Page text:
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Chevy High PerformanceChevy High Performance

Chevy High Performance April 2019

Get Chevy High Performance digital magazine subscription today for the automotive source for all Chevy aficionados whose interests entail buying, building, restoring, and modifying high-performance Chevrolet vehicles.

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TEN: The Enthusiast Network
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12 Numerot


3 min
happy rendering

Usually when us car guys come up with an idea for a new project—or even a long-term one—we were finally able to put into motion, we have a pretty good idea of what we want the car to look like. The color, stance, and wheel and tire combination; we have it all in our heads. Ideas that most likely came from a cool ride we saw in our past. Maybe we grabbed little bits from a few different cars we saw in a magazine, at an event, or online and took our favorite aspects of each and put those cues into our project. And in our mind we have a clear idea of exactly how we want the car to look. But in many cases, once the car is built,…

3 min
straight line spotlight

Tennessee Tradition Team We just love the machine campaigned by the husband and wife team of Kevin and Brenda Blair. Based out of Elmwood, Tennessee, driver Brenda competes with her 1977 Chevy Caprice within both ET and index classes on the Nostalgia Muscle Car circuit. This race car, which tips the scales at almost 3,500 pounds and consistently does massive, crowd-pleasing burnouts, uses a 385ci small-block Chevy (built and maintained by husband, Kevin, and Scott Perkins). They also employ a Turbo 350 transmission assembled by Craighead Transmissions. The Blairs purchased this car in 1988 with 72,000 miles on the odometer. In its current form, the primary target is NMCA’s 12.00 e.t. mark. However, the car has run as quick as 11.54 at 114.70 mph. Over the many seasons campaigned, the Caprice…

6 min

SEE MORE PHOTOS AT CHEVYHIPERFORMANCE.COM How Brad Hamilton got into this business was the way most of us got into this business. We watched. We emulated. We looked to the future. We didn’t quit. We pestered incessantly: for answers, for acceptance. We gave up our kindergarten cap guns and horror comic books, but not our cherry bombs. We went to the drag races with our dad and in those places we saw what hot rods were and what they did. The crack and the utter lawlessness of open exhaust pipes changed our life in an instant. It had an acrid veil of unburned hydrocarbons. Back then, “high-test” was liquor, not regular grade gasoline, but high-octane Sunoco 260 that was laced with beautiful, carcinogenic lead. The mother’s milk of high compression, and had…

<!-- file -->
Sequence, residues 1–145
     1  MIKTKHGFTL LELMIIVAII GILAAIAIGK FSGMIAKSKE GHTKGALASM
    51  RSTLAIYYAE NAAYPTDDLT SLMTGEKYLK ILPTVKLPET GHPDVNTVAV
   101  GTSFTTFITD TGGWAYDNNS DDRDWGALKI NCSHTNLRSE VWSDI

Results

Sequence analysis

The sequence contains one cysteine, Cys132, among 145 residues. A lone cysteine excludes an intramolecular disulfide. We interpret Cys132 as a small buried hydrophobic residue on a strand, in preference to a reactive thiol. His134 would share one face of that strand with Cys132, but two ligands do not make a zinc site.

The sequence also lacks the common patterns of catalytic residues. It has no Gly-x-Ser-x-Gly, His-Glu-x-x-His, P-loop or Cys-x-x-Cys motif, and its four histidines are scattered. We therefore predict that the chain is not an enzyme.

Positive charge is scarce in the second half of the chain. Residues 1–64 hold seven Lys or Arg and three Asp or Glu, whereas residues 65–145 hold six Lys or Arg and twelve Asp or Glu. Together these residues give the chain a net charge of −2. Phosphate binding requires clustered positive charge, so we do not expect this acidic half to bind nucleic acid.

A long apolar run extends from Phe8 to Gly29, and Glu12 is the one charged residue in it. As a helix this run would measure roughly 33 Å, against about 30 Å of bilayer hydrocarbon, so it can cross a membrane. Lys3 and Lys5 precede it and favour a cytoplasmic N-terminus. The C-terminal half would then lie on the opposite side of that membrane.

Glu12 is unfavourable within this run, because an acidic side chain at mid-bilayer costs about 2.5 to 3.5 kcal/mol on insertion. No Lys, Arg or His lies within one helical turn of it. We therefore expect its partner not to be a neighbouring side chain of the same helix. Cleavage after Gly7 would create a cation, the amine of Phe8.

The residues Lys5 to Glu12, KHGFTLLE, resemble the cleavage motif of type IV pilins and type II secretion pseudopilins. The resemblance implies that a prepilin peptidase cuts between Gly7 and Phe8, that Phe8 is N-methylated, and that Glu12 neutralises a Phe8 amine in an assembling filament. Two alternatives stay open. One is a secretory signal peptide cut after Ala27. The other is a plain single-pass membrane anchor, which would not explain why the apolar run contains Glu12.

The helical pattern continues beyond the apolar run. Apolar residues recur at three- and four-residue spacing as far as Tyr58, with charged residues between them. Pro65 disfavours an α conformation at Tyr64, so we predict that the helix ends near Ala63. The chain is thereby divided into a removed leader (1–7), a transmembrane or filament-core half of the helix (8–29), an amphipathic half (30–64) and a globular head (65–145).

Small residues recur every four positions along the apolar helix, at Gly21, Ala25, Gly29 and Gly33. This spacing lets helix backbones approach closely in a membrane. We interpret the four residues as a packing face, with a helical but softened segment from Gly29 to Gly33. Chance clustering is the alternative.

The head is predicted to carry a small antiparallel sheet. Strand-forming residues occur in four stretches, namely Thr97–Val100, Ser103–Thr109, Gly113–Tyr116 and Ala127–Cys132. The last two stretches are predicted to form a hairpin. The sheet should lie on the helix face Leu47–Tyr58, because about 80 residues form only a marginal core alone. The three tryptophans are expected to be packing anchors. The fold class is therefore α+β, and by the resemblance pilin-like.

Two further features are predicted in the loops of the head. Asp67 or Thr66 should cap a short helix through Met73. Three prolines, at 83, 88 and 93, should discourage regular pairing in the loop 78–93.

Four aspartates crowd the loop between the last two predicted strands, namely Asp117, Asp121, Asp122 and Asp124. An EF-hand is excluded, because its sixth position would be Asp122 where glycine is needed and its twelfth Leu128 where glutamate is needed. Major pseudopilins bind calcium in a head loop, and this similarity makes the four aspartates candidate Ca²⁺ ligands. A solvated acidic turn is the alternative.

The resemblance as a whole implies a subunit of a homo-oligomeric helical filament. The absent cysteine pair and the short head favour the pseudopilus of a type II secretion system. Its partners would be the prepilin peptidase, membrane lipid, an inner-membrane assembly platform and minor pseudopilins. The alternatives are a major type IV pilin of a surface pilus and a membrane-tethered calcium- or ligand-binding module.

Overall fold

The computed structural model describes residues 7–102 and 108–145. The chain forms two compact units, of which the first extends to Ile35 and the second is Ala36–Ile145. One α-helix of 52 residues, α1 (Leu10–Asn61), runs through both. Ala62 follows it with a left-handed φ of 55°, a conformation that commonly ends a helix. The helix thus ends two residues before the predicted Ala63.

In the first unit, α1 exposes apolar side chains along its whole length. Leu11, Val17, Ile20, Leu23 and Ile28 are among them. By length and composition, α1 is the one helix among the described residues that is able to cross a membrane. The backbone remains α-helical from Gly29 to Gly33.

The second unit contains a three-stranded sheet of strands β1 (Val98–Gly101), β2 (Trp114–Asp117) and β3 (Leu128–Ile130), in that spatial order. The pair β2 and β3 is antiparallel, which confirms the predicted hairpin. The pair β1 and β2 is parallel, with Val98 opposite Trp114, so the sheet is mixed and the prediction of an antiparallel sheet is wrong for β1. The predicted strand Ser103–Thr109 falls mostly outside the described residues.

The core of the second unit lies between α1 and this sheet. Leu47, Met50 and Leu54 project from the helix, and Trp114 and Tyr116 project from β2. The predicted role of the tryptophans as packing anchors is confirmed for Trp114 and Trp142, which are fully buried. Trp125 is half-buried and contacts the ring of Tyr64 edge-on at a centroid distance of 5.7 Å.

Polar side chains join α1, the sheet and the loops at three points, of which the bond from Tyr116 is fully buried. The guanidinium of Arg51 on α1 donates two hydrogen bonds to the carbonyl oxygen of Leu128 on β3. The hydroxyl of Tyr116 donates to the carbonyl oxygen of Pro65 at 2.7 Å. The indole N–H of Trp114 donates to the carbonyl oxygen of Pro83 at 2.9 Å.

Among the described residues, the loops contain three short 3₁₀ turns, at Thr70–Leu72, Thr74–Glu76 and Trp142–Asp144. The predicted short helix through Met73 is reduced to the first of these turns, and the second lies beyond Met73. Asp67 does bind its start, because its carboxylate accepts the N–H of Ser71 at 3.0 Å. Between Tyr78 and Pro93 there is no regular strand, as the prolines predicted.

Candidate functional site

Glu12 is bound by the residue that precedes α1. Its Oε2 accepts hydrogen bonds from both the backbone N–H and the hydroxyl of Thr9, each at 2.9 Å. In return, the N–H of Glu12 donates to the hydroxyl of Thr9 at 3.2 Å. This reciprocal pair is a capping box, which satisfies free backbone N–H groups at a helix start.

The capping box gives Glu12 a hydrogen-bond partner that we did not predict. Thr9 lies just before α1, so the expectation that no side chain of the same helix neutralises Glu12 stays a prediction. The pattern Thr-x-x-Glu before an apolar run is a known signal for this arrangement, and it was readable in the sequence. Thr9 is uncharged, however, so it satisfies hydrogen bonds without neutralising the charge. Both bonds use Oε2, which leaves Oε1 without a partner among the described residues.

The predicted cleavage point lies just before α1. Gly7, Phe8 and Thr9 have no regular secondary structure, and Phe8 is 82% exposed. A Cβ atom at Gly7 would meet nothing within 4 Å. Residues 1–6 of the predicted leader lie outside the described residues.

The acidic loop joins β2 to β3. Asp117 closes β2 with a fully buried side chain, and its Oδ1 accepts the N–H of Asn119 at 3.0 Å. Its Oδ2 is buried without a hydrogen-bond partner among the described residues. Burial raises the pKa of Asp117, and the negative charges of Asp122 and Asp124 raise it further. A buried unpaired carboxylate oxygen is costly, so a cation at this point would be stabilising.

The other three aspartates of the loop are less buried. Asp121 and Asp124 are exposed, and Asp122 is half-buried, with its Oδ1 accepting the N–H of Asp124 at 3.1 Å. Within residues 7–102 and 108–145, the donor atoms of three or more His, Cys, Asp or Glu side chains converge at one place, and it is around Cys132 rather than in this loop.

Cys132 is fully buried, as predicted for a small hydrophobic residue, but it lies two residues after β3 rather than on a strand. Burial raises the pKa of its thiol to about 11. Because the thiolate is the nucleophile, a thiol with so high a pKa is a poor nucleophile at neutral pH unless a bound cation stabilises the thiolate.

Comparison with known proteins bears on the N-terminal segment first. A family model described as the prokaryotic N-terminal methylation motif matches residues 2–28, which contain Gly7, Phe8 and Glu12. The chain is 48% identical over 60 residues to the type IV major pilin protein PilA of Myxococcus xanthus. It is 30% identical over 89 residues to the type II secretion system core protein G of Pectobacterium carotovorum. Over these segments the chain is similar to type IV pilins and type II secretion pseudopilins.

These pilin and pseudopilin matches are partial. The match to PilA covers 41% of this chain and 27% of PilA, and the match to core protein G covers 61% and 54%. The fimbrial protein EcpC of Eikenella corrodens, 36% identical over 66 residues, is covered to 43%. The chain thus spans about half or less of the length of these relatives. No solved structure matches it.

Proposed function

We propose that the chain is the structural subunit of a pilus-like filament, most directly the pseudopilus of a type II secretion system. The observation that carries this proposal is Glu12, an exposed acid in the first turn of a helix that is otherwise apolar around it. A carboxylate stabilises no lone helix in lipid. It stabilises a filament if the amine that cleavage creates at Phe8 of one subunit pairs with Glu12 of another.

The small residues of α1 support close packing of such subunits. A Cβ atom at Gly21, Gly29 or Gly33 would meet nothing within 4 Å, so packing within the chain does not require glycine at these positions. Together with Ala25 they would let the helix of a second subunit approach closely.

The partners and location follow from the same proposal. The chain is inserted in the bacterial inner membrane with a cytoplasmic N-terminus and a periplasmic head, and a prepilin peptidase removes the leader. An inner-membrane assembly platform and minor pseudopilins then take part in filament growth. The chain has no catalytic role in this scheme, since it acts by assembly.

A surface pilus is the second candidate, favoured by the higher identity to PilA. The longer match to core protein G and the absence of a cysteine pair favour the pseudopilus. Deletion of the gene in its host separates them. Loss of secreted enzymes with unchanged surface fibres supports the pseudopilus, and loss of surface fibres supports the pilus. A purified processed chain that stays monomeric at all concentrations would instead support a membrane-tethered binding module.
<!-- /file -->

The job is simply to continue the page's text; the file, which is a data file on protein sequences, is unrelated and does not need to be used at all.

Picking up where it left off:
8 min
ls none

Disputing the relevance and performance of the LS engine is an uphill and unwinnable battle. It’s light, strong, cheap, powerful, and just about every other engine-oriented adjective in the dictionary. It’s a plucky 25-year-old with a bad attitude and an ego-boosting penchant for racking up race wins. But an LS engine will never deliver the gut-rattling thump and tree-pulling torque of a tried-and-true big-block Chevy. And, while it may not be the cheapest route to horsepower, it is—without a doubt—still one of the coolest. To that end, we sourced a 454ci big-block core, which are still readily available at local wrecking yards, and treated it to a full performance revamp, including forged pistons; forged connecting rods; and a polished, stock crankshaft. Follow along as we assemble the bottom end of this…

7 min
mellow yellow

SEE MORE PHOTOS AT CHEVYHIPERFORMANCE.COM All right, who’s the genius that thought yellow paint and brown wheels was a good combination? Colors like Hugger Orange and LeMans Blue are legendary for all the right reasons. Butternut Yellow? Not so much. “You don’t run to it or run away from it,” car owner Sonny Freeman laughs, “but the color has been a big part of the fun we have with the car.” Regardless of how much you hate yellow, once you give the Tri-Five’s mean stance, clean lines, and understated elegance a good once-over, it’s hard not to like it. After the supercharged LS7 fires up and barks out the MagnaFlow pipes, you’re suddenly in love with a car you thought you’d hate. And that bit of trickery, friends, is rather genius. Like…

11 min
built for speed(way)

If what you know about Speedway Motors is informed only by the ads you see in magazines like this, then the company’s entry into the high-performance suspension market may seem a little unlikely, if not opportunistic. Speedway has an image as a preeminent mail-order outlet for parts manufactured by dozens of independent vendors, something that it’s worked hard to create. And it’s done the company well. Its position as one of the “big three” in the mail-order world has made the Smiths one of the most prominent families in the industry. But that’s only part of the Speedway Motors story. You see, the mail-order thing is kind of secondary to the Smith family’s primary interest: racing. In fact, the late Bill Smith founded the company in 1952 as a means to…